After numerous reports circulated on the internet about China taking control of Uganda's international airport, both countries have categorically denied the claims.
A spokesperson for the Chinese embassy in Kampala stated on 28 November, "The malicious allegation... has no factual basis and is ill intended to distort the good relations that China enjoys with developing countries including Uganda," AFP reported.
The embassy also tweeted a long statement.
The rumour that was widely circulating, is believed to have originated last week in the Daily Monitor, an independent daily newspaper in Uganda.
According to the Daily Monitor, Uganda was at risk of surrendering the Entebbe International Airport if it failed to pay back a $200 million loan to China that it took in 2015 to expand and improve the airport.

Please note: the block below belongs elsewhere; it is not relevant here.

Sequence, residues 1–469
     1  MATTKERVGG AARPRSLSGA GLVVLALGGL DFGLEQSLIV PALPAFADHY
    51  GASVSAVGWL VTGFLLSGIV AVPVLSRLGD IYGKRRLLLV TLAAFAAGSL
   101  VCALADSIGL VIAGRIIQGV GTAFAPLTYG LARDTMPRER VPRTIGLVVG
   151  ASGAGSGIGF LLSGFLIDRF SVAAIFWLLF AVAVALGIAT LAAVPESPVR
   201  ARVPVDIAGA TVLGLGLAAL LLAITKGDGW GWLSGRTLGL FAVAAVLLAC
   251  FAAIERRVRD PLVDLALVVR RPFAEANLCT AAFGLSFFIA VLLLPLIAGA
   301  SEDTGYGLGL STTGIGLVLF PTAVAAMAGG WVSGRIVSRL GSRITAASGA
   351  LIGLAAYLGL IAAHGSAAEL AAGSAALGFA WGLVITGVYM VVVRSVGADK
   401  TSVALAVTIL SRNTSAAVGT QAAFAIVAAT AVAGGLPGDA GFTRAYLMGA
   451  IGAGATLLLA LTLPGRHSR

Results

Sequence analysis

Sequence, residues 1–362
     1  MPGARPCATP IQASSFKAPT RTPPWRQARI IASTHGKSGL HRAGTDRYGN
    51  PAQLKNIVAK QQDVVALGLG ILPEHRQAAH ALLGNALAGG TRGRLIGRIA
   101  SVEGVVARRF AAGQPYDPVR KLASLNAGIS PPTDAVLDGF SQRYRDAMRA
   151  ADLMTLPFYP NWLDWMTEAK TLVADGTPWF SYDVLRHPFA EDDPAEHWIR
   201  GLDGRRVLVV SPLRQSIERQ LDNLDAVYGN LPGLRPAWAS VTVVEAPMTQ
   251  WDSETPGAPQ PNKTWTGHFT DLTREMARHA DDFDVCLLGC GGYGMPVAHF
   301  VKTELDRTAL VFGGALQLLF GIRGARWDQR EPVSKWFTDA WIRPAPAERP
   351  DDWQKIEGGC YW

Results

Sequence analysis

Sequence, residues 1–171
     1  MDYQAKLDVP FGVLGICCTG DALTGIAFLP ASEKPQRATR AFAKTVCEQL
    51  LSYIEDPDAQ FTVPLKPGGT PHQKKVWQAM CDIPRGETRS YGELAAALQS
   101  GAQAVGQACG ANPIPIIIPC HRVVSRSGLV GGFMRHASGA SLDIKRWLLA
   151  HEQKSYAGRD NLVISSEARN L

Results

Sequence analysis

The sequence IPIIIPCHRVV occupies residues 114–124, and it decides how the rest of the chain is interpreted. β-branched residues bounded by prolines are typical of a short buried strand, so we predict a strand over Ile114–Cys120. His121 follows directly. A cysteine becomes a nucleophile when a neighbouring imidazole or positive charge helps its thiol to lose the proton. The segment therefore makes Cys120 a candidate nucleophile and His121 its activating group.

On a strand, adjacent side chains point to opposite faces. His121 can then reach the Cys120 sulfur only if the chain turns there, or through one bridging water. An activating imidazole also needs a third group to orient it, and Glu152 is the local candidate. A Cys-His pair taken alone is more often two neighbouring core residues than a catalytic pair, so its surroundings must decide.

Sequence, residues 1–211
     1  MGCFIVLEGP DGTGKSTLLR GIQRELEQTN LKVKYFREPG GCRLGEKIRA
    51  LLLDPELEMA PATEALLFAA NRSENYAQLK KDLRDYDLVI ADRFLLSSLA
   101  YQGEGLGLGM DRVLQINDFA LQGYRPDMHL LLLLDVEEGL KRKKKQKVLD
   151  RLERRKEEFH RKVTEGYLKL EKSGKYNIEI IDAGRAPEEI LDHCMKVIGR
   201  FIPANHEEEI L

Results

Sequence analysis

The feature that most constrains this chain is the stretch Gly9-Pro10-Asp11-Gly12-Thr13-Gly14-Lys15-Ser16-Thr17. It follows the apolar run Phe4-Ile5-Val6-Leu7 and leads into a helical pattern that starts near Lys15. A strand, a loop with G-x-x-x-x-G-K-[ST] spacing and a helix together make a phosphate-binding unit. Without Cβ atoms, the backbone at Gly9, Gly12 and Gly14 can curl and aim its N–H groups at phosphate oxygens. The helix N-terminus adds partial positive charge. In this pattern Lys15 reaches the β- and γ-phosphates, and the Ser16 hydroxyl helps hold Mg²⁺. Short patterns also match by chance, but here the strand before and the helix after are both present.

A photoshopped image of the Chinese flag flying over the airport and a banner reading 'Welcome to China Entebbe International Airport' caused panic among Ugandans.
Both images were widely shared online, but the Uganda Civil Aviation Authority tweeted a clarification.
The Uganda's Civil Aviation Authority has also refuted the allegations against China, arguing that the Ugandan government would never surrender a national asset of such importance in such a manner.
The project to expand Entebbe International Airport by the state-owned China Communications Construction Compan y began in March 2016 and is expected to be finished by the end of the next year.
These allegations against China of debt-trapping poorer countries and seizing their assets are nothing new.
A detailed account of China's debt-trapping strategies and how it has taken over ports and lands of other countries after the latter defaulted in loan payments can be found here.
(With inputs from AFP.)